The Cost of Feeding Your Dog A Raw Diet

Image of medicine bottles for treating your dog

The Cost of Feeding Your Dog A Raw Diet

The Journey to Healthier Pets Continues…

Last blog I explained why I’ve switched my dogs to a raw diet. This blog will help you gain more information on the benefits of feeding raw and how to get started — including costs.

I began feeding Wendy Volhard’s Foundation Diet on 5/26/16. This consists of a breakfast that looks like oatmeal (Wendy is from the UK, so she calls it Porridge), and a different mix (called PM Crumble) for dinner. Both are powdered, cool-dehydrated raw foods that contain the essential vitamins and minerals our dogs need and that are missing from processed dry commercial kibble.

What’s the difference? A lot! Even if the dog food company begins with high-quality ingredients, the process of drying it (cooking at high temperatures) actually kills the nutrients… therefore, your dog is merely eating to feel full but won’t necessarily be healthy.

The other shocking fact I learned from Wendy is that it’s legal and acceptable for pet foods to use meat from diseased, dying or already dead animals. AND sometimes the animal is not even listed; if the label says “meat meal” — it could literally be roadkill.

ALL dry kibble on the market is made this way, so don’t let the fancy marketing fool you.

Ordering information:
www.VolhardDogNutrition.com

By the way, when ordering, there’s a drop-down list that will ask you how you discovered her products. I’m not listed as a Health Consultant (yet), but I think there’s a place to type in my name — Cathy Mutnick. (I don’t get any kind of reimbursement, but want Wendy to know I’m spreading the word.)

I started with the smallest bag of each meal — 6 lb. bag of the AM Porridge & 9 lb. bag of the PM Crumble formula; you’ll use a little more PM than AM so they’re packaged so that a very active 75 lb. dog has enough for 1 month.

As I’m typing this, I’m on day 22, I’m feeding 2 dogs (Chelsea is 32 lbs. & Kona is 92 lbs.), and have lots of both the AM & PM left. I scaled back their portions after the first day when neither dog could eat as much as the package recommended*. No need to waste anything. If you have leftovers from one meal, cover tightly & put it into the frig until the next meal.

UPDATE: The AM Porridge bag provided 6 weeks of feedings and the PM Crumble will provide me about 7 week’s of feedings; I still have a lot left, so I’m guessing.

*NOTE: the directions on the package state that recommended feeding amounts are based on a “working” dog that is very active for at least 2 hours every day. If you have a couch-potato dog, you won’t need to feed as much – as I have found out with my dogs.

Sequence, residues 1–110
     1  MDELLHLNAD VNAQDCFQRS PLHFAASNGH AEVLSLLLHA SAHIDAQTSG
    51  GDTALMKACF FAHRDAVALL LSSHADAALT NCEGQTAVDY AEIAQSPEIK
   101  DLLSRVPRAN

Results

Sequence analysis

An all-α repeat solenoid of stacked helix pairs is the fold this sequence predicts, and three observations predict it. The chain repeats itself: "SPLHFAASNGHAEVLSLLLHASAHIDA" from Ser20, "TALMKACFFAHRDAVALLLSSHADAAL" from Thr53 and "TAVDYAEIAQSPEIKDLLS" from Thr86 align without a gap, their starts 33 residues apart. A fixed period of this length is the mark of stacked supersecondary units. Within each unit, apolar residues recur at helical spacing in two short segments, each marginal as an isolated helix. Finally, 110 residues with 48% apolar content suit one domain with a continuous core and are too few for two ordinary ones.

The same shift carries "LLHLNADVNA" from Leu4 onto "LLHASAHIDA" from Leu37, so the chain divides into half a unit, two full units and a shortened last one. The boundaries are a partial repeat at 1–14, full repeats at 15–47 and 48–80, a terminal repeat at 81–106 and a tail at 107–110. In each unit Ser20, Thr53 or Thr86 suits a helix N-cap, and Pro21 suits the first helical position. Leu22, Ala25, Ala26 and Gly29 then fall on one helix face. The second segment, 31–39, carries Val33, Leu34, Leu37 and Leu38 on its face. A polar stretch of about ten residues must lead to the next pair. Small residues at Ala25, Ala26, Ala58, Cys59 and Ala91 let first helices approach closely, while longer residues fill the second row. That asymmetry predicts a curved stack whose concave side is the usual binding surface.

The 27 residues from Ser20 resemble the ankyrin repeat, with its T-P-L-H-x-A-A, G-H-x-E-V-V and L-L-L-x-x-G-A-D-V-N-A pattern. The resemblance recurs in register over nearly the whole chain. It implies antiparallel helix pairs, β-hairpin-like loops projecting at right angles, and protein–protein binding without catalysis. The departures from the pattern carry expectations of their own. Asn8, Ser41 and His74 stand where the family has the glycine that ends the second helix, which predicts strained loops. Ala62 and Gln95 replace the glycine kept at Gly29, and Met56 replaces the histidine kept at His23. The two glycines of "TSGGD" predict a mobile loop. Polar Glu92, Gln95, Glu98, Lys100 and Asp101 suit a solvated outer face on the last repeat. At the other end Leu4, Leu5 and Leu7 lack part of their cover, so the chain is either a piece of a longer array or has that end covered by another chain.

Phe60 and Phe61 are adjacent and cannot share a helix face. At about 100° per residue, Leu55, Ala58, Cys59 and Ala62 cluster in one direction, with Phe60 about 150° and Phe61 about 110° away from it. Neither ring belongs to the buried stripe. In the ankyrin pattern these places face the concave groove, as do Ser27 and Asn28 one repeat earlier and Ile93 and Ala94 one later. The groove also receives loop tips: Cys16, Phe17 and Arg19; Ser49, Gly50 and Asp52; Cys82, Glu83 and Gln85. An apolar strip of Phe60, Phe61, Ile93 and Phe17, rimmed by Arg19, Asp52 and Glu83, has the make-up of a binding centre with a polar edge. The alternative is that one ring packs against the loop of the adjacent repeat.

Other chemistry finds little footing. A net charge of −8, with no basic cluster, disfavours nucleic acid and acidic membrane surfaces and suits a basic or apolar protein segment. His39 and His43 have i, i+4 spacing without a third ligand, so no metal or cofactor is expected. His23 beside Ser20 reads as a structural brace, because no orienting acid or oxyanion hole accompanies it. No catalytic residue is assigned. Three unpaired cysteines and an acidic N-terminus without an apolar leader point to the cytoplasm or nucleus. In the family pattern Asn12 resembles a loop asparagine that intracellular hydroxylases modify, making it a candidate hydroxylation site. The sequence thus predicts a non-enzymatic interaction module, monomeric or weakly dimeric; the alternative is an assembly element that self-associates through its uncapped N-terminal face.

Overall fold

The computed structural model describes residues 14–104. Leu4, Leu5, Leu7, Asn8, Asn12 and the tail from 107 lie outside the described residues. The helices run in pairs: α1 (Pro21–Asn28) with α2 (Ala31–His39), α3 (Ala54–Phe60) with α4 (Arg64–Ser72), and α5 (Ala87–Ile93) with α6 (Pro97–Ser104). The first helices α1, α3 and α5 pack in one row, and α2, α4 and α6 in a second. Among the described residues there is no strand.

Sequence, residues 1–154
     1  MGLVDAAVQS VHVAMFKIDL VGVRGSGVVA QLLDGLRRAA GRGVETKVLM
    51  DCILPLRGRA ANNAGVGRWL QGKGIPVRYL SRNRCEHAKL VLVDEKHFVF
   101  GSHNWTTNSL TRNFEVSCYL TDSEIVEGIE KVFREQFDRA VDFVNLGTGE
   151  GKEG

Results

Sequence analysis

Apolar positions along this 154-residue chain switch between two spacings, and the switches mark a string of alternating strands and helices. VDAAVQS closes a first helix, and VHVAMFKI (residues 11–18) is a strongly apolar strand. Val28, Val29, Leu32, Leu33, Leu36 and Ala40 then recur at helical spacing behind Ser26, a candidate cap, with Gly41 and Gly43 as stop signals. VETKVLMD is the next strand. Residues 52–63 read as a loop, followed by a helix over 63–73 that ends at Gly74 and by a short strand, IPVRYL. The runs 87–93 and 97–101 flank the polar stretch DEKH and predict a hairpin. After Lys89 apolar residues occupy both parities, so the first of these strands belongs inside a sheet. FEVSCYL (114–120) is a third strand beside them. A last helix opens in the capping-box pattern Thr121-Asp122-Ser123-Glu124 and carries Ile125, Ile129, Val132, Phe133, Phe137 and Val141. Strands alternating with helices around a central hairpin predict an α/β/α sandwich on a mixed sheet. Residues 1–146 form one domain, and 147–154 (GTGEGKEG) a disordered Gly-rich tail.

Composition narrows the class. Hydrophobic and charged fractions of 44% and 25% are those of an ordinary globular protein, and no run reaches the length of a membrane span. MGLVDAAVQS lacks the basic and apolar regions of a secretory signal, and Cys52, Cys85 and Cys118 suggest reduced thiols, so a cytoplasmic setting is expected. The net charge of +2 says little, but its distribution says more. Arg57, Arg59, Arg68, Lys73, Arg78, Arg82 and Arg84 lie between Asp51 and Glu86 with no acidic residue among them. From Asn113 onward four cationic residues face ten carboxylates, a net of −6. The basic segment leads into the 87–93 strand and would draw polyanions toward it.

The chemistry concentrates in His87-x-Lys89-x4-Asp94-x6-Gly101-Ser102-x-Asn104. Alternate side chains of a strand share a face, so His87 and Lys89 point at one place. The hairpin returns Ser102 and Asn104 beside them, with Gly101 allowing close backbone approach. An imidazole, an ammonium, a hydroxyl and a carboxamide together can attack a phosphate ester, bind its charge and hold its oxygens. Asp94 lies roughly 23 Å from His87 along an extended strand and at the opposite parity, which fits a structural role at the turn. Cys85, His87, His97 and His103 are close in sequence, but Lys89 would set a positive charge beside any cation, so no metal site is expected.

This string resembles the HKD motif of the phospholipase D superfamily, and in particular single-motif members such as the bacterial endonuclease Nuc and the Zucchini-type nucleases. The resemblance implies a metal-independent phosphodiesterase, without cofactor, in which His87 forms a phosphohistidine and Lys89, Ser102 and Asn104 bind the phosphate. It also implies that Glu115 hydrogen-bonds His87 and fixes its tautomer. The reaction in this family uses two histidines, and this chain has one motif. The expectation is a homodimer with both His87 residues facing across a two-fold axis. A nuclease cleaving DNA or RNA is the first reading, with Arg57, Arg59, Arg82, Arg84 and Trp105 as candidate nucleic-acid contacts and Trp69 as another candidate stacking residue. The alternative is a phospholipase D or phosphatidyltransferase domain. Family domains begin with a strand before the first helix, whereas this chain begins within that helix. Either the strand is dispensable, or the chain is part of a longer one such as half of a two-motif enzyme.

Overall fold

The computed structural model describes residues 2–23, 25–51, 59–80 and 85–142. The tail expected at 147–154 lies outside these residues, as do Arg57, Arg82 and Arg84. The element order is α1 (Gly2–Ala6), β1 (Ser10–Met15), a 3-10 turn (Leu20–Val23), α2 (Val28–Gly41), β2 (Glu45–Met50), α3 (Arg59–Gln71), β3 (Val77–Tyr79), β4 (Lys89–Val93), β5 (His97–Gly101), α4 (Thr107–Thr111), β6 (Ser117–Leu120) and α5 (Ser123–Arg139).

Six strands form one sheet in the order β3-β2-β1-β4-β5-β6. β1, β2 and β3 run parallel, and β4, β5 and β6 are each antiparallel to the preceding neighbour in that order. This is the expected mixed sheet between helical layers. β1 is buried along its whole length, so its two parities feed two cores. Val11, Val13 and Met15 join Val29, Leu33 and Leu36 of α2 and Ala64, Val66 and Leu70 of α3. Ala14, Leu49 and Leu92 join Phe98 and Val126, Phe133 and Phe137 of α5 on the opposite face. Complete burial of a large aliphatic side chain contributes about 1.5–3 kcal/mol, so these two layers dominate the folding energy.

Chelsea’s mix for Breakfast:

  • 1/8 cup AM Porridge
  • 1/4 cup water
  • a large spoonful of full-fat yogurt (you can also use plain kefir; found in milk area)
  • 2 TBSP of whatever leftover vegetables I made for dinner the night before (except corn, which has no nutritional value)
  • 1/2 tablet of Complex B (crushed); also on Wendy’s website on the “supplements” page; this is the natural flea/tick/mosquito repellent so you don’t have to use monthly topical treatments or oral heartworm medications. Heartworms are only transmitted via mosquito bites and Wendy has found that healthy dogs do not attract insects or parasites. (So why give them poisons they don’t need?)

Note that Wendy also has a diet called Natural Diet Foundation 2 into which you only need to add the raw meat of your choice & Complex B supplement during fleas/ticks/mosquitos season.

Here’s the link to that page on her site:
http://www.volharddognutrition.com/natural-diet-foundation-2/natural-diet-foundation-2.html

I might be switching to that just because it’s very simple – I won’t need to add vegetables, yogurt or cottage cheese. I think it’s going to cost about the same as buying the mix and supplement separately. But I haven’t added that up yet.

For Chelsea’s dinner:

  • 1/4 cup PM Crumble
  • 1/2 cup water
  • 1/3 cup raw meat
  • 1/2 B Complex (crush & mix into food)

Keep in mind that the dry mixes recommends feeding raw meat ONLY at dinner for 5 days a week, then you can switch to another meat or full-fat cottage cheese for the next dinner. On the 7th day, you only feed breakfast, giving the dog’s digestive system to rest.

I’ve found this is the easiest way to remember…
· Monday-Friday: raw meat at dinner only
· Saturday’s dinner: cottage cheese instead of raw meat
· Sunday: breakfast only

Awesome raw meat:
www.mypetcarnivore.com

This company delivers to the Golden Gate Plaza in Mayfield Heights & various other locations in the Cleveland area once a month, so if you have extra freezer space, stock up! They will also deliver to your house for an additional fee.